Are Sweet Potatoes Healthy? Here's What You Need to Know
From sweet potato nutrition to the best recipes, here's everything you need to know about your favorite root veggie.
With their sweet-yet-savory taste and warm, vibrant color, sweet potatoes are an essential fall ingredient that we just can't live without. As sweet potato season rolls around, you probably have a few questions in mind—like if sweet potatoes are healthy and how to cook with them. Spoiler alert: They are definitely healthy, and there are seemingly endless ways to enjoy them. Here's how to make the most out of the orange-hued root vegetable this fall season.
Sweet Potato Nutrition Facts
Pictured Recipe: Grilled Sweet Potatoes with Gremolata
With their variety of vitamins, minerals and more, sweet potatoes are a superfood by our standards. Here are the nutrition facts for a medium-sized baked sweet potato:
- Calories: 86
- Fat: 0g
- Sodium: 41mg
- Carbohydrates: 24g
- Fiber: 4g
- Sugar: 7g
- Protein: 2g
- Calcium: 43mg (3% DV)
- Potassium: 542mg (9% DV)
- Vitamin C: 22mg (4% DV)
- Vitamin A RAE: 1,096 micrograms (283% DV)
Nutrition facts from USDA Food Composition Databases
Are Sweet Potatoes Healthy?
Pictured Recipe: Sweet Potato Carbonara with Kale
With their low glycemic index and high vitamin, mineral and fiber content, sweet potatoes have some pretty impressive health benefits. But it's always good to know the specific health benefits you're getting from your food, so here are some highlights regarding the nutritional value of sweet potatoes.
With over 10% of your DV for a large-sized spud, sweet potatoes' high potassium content is great for regulating muscle contraction, metabolizing carbohydrates and even maintaining a healthy blood pressure. Aside from other vitamins and minerals, such as vitamin C and calcium, one of the biggest health benefits of sweet potatoes is their vitamin A content. With more than enough vitamin A to cover your daily recommended value, sweet potatoes are also great for supporting your immune system and maintaining healthy vision.
Sweet potatoes are backed with fiber and have some protein so they keep you feeling full for longer, which can be good for weight loss as well. Does that mean sweet potatoes are healthier than white potatoes? Not necessarily, white potatoes boast some health benefits and nutrients of their own.
How to Bake Sweet Potatoes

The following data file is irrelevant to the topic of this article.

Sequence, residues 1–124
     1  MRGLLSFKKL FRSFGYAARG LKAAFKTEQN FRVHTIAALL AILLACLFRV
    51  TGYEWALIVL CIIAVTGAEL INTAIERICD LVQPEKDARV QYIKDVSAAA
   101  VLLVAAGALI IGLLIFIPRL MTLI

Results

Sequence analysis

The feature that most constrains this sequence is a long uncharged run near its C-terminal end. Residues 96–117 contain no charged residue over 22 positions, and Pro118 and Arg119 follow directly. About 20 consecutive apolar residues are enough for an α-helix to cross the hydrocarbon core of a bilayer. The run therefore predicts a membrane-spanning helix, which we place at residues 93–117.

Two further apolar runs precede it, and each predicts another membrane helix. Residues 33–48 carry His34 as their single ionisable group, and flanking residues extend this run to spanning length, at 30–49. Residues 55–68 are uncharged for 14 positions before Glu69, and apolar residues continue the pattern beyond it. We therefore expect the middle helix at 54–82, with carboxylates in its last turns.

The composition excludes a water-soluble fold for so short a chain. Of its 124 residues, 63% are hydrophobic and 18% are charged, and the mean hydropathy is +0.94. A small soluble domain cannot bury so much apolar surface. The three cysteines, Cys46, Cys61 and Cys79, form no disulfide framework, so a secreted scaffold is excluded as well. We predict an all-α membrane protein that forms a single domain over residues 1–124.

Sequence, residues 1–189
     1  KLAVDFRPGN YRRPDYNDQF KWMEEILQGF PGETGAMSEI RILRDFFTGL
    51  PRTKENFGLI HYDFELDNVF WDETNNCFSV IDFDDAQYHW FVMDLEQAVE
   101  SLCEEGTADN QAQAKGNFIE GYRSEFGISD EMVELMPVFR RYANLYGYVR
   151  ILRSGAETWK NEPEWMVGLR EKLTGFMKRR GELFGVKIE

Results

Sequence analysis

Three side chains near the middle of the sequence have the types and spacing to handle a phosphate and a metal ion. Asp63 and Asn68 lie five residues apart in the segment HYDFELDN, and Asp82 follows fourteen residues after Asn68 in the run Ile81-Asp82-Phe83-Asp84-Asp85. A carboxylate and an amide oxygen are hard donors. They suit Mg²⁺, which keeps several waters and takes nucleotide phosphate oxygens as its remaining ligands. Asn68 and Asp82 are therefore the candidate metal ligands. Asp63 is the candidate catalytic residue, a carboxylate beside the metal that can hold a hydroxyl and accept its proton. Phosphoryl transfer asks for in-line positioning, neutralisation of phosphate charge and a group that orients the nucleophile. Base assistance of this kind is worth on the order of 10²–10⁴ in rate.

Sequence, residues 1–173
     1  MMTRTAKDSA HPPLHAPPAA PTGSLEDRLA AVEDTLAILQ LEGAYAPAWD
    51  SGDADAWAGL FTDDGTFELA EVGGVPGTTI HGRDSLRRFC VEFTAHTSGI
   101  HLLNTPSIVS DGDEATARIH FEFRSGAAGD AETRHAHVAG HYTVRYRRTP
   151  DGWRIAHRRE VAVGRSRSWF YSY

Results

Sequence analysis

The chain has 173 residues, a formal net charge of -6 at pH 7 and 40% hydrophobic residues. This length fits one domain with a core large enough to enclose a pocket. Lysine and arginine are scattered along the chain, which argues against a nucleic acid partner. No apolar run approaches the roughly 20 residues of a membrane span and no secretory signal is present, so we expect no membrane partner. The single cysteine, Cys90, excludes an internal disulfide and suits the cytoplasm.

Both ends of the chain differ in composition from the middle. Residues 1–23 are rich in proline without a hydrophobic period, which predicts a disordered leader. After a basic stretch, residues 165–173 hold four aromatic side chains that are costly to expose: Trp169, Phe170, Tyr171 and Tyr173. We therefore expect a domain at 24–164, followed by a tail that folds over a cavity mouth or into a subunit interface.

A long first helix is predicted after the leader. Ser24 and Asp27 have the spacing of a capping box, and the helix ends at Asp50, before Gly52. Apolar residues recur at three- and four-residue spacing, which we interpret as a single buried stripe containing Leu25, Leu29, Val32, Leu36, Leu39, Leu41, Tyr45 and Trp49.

Pictured Recipe: Twice-Baked Sweet Potatoes
Another reason we love sweet potatoes is for their versatility in the kitchen. From sweet to savory dishes, there are so many different options when it comes to using them. Below, you'll find how to bake sweet potatoes for fantastic results every single time.
Preheat your oven to 400°F, line a large-rimmed baking sheet with parchment paper, wrap sweet potatoes in tin foil, prick them with a fork in three to four spots, rub with oil and place them on your baking sheet. Stick them in the oven and let the roasting magic happen for 45 minutes to an hour, until tender. Viola! You have a deliciously baked sweet potato that is perfect to enjoy with some butter and cinnamon, or that's prepped for a second trip to the oven for our Twice-Baked Sweet Potatoes.
For an even more tender baked potato, try freezing your spuds prior to baking to help you save time and money while cutting down on food waste.
Sweet Potato Recipes
Pictured Recipe: Pan-Roasted Sweet Potatoes with Dried Cherries & Pecans
All of these healthy sweet potato recipes are dietitian-approved and absolutely delicious. Here are some of our favorite ways to enjoy sweet potatoes:
The Bottom Line
At EatingWell, we're big fans of the sweet potato. It's a delicious and nutritious complex carb that we just can't get enough of. The nutritional value of a sweet potato speaks for itself and makes the root veggie *even more* lovable. And whether you've just learned how to bake sweet potatoes or are a long-term sweet potato aficionado, we bet you can't wait to get into the kitchen to whip up one of our favorite sweet potato recipes.